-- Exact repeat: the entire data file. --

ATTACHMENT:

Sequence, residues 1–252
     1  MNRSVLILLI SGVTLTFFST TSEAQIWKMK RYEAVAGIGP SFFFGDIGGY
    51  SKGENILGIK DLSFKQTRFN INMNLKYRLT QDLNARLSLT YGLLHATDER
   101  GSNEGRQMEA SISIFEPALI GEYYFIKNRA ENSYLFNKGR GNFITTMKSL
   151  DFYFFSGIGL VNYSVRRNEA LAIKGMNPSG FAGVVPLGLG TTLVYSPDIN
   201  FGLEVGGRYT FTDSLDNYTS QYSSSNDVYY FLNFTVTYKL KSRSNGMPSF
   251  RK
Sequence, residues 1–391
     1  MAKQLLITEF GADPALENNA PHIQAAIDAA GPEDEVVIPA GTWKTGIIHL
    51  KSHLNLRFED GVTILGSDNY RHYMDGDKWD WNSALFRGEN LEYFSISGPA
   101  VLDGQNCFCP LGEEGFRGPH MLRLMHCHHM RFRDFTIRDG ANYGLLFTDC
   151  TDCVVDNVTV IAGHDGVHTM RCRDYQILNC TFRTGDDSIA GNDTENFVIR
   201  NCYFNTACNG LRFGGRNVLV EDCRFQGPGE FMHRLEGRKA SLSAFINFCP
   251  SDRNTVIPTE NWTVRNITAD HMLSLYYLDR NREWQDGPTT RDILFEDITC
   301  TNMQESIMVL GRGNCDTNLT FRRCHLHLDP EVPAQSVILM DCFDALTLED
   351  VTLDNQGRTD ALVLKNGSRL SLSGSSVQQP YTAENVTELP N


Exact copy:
Sequence, residues 1–252
     1  MNRSVLILLI SGVTLTFFST TSEAQIWKMK RYEAVAGIGP SFFFGDIGGY
    51  SKGENILGIK DLSFKQTRFN INMNLKYRLT QDLNARLSLT YGLLHATDER
   101  GSNEGRQMEA SISIFEPALI GEYYFIKNRA ENSYLFNKGR GNFITTMKSL
   151  DFYFFSGIGL VNYSVRRNEA LAIKGMNPSG FAGVVPLGLG TTLVYSPDIN
   201  FGLEVGGRYT FTDSLDNYTS QYSSSNDVYY FLNFTVTYKL KSRSNGMPSF
   251  RK
Sequence, residues 1–391
     1  MAKQLLITEF GADPALENNA PHIQAAIDAA GPEDEVVIPA GTWKTGIIHL
    51  KSHLNLRFED GVTILGSDNY RHYMDGDKWD WNSALFRGEN LEYFSISGPA
   101  VLDGQNCFCP LGEEGFRGPH MLRLMHCHHM RFRDFTIRDG ANYGLLFTDC
   151  TDCVVDNVTV IAGHDGVHTM RCRDYQILNC TFRTGDDSIA GNDTENFVIR
   201  NCYFNTACNG LRFGGRNVLV EDCRFQGPGE FMHRLEGRKA SLSAFINFCP
   251  SDRNTVIPTE NWTVRNITAD HMLSLYYLDR NREWQDGPTT RDILFEDITC
   301  TNMQESIMVL GRGNCDTNLT FRRCHLHLDP EVPAQSVILM DCFDALTLED
   351  VTLDNQGRTD ALVLKNGSRL SLSGSSVQQP YTAENVTELP N